Here in Istanbul only a few might make simit, sesame-bathed bread rings, at home. But while visiting my parents in Russia it felt like a right thing to do: after all my dad is a simit-addict. When my parents came to Turkey last autumn, dad walked from our Sapanca property down to the village (1 hour downhill and then 1.5 hours back) to combine exercise and purchasing of some simit. Much to his embarrassment he forgot the word and could not make himself clear to a bakkal who would not sell simit anyway.
That’s why my caring husband assumed the duty of finding a good bakery wherever we stayed during our road trip with parents and diligently procured simit every morning. I can’t call most of the simit on the Aegean coast the real deal, but dad felt his breakfast was incomplete without a bread ring or two. No wonder that my impossible-to-excite parent brightened when I announced I would be making simit.
My dad is hardly alone in his simit enthusiasm: I am yet to meet somebody who visited Istanbul and did not fall for the sesame bread rings. What’s the magic behind simit sold off the red carts anywhere in Istanbul? Why does everybody happily munch it throughout the day? Why does my husband head out to procure it first thing in the morning if in Istanbul? Why do cheese, jam or butter not seem compulsory next to a simit straight out of the oven? Why, why, why?
I have been contemplating the matter for a while and came up with a few explanations of the simit magic:
1) Simit has a pleasing ratio of crust to crumb. Who does not like bread crust? Well, some people eat only the crumb, but then they should be send to a place where simit is the only type of bread existing to experience as much torture as the bread they have been eating all these years. As a bread ring, simit naturally has a lot of crust – sometimes light caramel, sometimes deep reddish brown, but always satisfying and crunchy.
2) Simit is crunchy: If a simit maker has not skimmed on pekmez (grape juice reduction) and coated the bread rings well, then his simit gets its well browned and characteristically crispy crust. We might be eating simit for the same reason we east chips: because of the crispy factor. Scientists say that human beings are genetically wired to seek out crispy foods as our ancestors used to eat insects and plants, and with those crispy meant fresh. Unfortunately, not all the simits are created equally crispy. Some (and we will not point fingers) simit bakers skip pekmez taking away a big part of the simit pleasure from the eaters. Thankfully, they don’t skim on sesame seeds.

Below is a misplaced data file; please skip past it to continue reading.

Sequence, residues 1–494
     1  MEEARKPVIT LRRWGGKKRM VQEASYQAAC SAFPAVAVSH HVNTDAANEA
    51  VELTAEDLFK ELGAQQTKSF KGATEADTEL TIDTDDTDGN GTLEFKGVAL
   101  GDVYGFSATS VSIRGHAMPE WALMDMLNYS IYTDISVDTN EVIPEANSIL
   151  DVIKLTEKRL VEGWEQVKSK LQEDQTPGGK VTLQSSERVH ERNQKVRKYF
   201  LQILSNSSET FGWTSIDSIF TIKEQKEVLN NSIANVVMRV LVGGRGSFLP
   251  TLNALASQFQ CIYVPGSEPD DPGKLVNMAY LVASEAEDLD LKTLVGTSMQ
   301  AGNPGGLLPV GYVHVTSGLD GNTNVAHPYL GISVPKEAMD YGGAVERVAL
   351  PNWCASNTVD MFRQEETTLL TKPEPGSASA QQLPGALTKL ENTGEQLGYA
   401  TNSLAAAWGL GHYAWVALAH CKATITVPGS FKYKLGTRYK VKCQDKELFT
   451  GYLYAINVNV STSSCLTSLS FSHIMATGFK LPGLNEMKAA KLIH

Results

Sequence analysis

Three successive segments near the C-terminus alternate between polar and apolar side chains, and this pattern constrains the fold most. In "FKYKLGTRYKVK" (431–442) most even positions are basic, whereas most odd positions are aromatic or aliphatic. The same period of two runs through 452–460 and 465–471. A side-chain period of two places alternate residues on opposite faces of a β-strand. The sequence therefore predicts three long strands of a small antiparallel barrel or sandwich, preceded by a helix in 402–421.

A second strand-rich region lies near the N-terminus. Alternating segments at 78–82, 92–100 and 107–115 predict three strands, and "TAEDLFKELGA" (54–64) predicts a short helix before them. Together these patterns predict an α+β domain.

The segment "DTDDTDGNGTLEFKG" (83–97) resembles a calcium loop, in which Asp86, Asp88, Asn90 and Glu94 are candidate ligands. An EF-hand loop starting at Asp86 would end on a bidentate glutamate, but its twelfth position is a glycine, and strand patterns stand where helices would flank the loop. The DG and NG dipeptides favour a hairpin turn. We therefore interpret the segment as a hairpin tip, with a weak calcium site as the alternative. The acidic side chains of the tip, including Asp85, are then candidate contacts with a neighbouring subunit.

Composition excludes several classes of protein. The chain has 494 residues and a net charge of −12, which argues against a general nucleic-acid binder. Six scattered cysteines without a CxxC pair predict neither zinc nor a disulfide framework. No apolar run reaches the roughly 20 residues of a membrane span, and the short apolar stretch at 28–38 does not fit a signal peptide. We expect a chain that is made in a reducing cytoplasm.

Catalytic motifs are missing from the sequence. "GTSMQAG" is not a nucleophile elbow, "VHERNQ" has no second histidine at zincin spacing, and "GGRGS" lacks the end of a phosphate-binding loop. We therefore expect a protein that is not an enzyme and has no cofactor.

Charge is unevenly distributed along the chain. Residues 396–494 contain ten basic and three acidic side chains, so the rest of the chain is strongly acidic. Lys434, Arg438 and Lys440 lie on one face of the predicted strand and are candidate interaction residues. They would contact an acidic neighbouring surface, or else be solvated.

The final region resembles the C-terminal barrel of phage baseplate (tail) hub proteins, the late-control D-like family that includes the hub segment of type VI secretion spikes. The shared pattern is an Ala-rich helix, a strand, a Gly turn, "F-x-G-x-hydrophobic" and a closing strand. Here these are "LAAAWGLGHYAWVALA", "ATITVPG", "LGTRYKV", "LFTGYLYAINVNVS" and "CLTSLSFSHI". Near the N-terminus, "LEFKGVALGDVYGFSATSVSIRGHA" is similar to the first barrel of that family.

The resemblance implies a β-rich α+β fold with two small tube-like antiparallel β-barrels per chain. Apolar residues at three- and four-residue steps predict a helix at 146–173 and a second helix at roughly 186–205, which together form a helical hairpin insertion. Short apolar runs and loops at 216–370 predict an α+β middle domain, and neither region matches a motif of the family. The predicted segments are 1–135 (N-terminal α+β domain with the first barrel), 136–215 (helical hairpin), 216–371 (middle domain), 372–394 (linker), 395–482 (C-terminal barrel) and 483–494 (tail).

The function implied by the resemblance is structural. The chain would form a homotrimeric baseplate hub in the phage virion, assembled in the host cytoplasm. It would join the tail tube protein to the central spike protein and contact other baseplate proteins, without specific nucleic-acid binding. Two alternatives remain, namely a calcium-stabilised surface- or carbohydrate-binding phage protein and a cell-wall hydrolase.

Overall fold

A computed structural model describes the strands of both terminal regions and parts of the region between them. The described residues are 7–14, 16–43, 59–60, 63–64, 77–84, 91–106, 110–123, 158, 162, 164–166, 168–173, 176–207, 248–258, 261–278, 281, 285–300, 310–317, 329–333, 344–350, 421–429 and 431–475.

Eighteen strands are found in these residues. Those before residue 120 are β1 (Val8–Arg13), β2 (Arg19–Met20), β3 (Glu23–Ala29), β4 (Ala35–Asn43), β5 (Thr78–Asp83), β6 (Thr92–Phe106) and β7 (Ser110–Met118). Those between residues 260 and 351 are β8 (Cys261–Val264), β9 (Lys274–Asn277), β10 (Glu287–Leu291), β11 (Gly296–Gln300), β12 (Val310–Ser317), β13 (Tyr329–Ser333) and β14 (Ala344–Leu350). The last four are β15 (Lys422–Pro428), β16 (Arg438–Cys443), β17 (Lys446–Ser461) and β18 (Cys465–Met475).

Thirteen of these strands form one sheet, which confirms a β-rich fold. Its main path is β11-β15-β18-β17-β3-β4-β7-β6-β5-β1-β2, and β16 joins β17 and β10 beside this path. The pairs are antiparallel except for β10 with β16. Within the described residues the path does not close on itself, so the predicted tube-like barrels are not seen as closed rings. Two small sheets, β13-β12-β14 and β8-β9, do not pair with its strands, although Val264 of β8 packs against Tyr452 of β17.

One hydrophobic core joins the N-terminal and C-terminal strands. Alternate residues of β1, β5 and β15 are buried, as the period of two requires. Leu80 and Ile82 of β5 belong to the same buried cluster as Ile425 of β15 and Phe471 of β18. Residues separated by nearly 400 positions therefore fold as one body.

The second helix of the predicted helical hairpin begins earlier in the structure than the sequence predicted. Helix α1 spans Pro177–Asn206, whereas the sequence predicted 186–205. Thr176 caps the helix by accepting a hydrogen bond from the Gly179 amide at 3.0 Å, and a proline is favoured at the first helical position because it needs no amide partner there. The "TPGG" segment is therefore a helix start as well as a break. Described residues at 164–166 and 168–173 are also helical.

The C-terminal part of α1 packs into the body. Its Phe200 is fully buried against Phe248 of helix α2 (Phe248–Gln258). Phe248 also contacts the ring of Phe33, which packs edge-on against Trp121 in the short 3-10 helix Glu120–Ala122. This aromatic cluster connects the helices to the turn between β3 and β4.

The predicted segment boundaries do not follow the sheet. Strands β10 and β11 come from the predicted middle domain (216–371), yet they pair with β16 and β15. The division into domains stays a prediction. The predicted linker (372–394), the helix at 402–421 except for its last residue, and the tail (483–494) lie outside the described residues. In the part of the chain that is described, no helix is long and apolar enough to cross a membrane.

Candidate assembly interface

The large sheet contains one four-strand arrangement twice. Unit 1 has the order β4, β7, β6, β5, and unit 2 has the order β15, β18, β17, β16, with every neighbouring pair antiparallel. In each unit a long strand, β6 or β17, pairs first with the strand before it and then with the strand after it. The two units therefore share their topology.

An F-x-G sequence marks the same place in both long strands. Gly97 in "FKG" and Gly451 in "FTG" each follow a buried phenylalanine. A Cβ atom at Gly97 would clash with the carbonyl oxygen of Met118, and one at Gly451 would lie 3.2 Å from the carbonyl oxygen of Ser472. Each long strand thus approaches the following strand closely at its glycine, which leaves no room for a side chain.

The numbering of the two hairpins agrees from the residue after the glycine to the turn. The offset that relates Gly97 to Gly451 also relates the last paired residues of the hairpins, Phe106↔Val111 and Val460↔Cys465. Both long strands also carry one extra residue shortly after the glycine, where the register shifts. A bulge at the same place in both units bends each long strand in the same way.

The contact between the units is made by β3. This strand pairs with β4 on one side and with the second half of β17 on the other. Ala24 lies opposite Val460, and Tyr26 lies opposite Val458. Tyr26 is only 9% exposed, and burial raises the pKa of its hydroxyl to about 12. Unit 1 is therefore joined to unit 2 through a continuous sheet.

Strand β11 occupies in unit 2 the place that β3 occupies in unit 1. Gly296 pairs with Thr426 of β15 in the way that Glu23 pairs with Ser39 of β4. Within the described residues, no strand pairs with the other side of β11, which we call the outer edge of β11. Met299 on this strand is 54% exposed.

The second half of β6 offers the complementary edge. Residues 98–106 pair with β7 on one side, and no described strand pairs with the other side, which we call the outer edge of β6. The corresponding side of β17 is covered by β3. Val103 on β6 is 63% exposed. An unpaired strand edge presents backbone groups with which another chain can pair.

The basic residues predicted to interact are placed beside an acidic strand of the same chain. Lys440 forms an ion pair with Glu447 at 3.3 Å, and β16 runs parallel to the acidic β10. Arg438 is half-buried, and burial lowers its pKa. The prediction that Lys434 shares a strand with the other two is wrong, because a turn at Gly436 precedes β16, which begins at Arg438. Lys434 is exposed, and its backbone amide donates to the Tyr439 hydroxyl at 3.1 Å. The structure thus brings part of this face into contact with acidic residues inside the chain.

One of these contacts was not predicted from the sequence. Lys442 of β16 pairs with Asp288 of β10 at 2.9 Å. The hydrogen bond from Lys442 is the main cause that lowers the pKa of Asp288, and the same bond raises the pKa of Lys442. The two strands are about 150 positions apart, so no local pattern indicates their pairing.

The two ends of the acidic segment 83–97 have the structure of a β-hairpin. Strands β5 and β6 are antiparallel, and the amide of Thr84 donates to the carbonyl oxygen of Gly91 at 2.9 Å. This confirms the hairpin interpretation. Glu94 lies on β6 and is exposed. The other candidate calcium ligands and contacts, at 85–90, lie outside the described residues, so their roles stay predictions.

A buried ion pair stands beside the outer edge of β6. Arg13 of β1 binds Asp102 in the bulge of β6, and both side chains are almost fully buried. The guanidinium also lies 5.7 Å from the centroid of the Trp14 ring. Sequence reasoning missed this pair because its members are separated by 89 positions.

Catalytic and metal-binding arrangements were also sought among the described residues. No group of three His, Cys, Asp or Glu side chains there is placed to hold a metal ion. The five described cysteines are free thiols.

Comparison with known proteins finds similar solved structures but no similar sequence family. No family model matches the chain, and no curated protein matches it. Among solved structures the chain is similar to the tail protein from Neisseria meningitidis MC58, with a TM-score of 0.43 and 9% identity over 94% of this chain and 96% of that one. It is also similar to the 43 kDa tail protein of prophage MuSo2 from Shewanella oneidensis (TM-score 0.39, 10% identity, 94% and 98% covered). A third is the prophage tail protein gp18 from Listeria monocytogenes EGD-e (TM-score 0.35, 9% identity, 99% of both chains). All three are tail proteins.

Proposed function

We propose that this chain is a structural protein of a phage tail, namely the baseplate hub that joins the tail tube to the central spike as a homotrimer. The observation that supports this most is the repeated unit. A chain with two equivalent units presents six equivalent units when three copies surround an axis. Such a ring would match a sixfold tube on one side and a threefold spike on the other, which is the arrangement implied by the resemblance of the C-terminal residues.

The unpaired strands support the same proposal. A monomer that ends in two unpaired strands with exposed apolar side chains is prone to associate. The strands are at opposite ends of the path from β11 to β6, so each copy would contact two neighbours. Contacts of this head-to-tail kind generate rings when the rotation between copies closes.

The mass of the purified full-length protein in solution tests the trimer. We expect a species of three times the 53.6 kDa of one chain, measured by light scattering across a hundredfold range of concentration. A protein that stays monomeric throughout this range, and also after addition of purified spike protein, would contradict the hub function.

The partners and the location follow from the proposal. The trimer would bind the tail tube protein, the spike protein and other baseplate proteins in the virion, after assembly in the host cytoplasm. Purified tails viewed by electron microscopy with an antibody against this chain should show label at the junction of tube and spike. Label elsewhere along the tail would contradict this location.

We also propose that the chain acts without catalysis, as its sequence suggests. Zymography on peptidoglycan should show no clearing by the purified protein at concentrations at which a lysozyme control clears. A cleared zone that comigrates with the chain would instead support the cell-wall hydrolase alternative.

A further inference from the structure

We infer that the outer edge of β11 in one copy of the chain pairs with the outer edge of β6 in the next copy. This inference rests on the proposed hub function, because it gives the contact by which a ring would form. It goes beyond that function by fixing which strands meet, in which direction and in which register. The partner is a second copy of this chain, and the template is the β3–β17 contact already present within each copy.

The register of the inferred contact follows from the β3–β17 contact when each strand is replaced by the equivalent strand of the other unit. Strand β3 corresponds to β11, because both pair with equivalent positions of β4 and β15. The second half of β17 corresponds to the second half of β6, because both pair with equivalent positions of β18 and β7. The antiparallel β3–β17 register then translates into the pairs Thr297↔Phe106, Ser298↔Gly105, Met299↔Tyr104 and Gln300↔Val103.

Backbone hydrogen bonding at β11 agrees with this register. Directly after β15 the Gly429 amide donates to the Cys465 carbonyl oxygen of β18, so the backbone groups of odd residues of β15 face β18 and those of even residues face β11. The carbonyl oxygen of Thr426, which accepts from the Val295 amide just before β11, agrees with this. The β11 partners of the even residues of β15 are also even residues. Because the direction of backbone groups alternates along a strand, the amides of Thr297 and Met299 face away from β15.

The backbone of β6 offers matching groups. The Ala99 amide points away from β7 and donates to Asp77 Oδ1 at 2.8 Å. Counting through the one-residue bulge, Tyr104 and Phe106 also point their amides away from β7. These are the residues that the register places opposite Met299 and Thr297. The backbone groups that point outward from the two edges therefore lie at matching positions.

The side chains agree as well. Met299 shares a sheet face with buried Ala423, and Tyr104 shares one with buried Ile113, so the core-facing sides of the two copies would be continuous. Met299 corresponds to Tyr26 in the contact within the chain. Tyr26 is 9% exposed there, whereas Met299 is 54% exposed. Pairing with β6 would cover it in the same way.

3) Simit is covered with sesame seeds. The seeds add buttery and nutty note to simit: an unassuming bread ring bathed in the sesame seeds transforms into a sophisticated treat. Plus, there is no more pleasing sight than a bunch of simits piled up in a basket, their brown exterior dotted with the sesame seeds. Sometimes simits come coated with the sunflower seeds (and I madly love those), but then they can’t beat the classic version for its aesthetics and flavor!
4) Simit is round. A couple of times I saw simit shaped as a braid. But only a couple of times: I don’t think the customers approved. Simit has to be round! Ring, an ancient symbol, is perfection, completeness, balance, recreation – all those things we are seeking in life and can obtain (even though to a short lived effect) for just 1 Turkish lira in the form of simit.
5) Simit feels like a treat. Buying pretty bread rings from a white-gowned cart vendor commanding authority always feels like a little treat you have deserved! The bread rings are baked twice a day – early morning and early afternoon, and it’s hard not to consider yourself lucky when you get a still warm crunchy ring.
I wondered how close I can get to the classic Istanbul street food while recreating the simit magic at home. I went through a ton of recipes ranging from the plain bread dough to the enriched versions with eggs and fat. I used my emerging baker’s logic (and the formulas I typically rely on) to calibrate a recipe that would work for simit.
Simit dough is fairly dense (think New York Bagel) which makes it easy to shape into long even rolls. After trying 65% hydration, I settled on 60% (meaning 60 g water for every 100 g flour), even though I came across the recipes insisting on the even stiffer dough (e.g. 55% hydration). I measured 1.5% (1.5 g for 100 g flour) of each salt and fresh yeast, and here goes your simit recipe.
I used less yeast that most of the recipes and focused on the longer rising time instead: simit is a morning bread, and it is not easy to justify waking up 4 hours earlier to have the bread rings ready for breakfast. That’s why I am making the dough in the evening before going to bed, letting it rest in the fridge overnight and then have a beautifully risen dough to shape, proof and bake in the morning. When you proof longer (and even at the lower temperatures that inhibit the yeast bacteria) you don’t need spoons of yeast.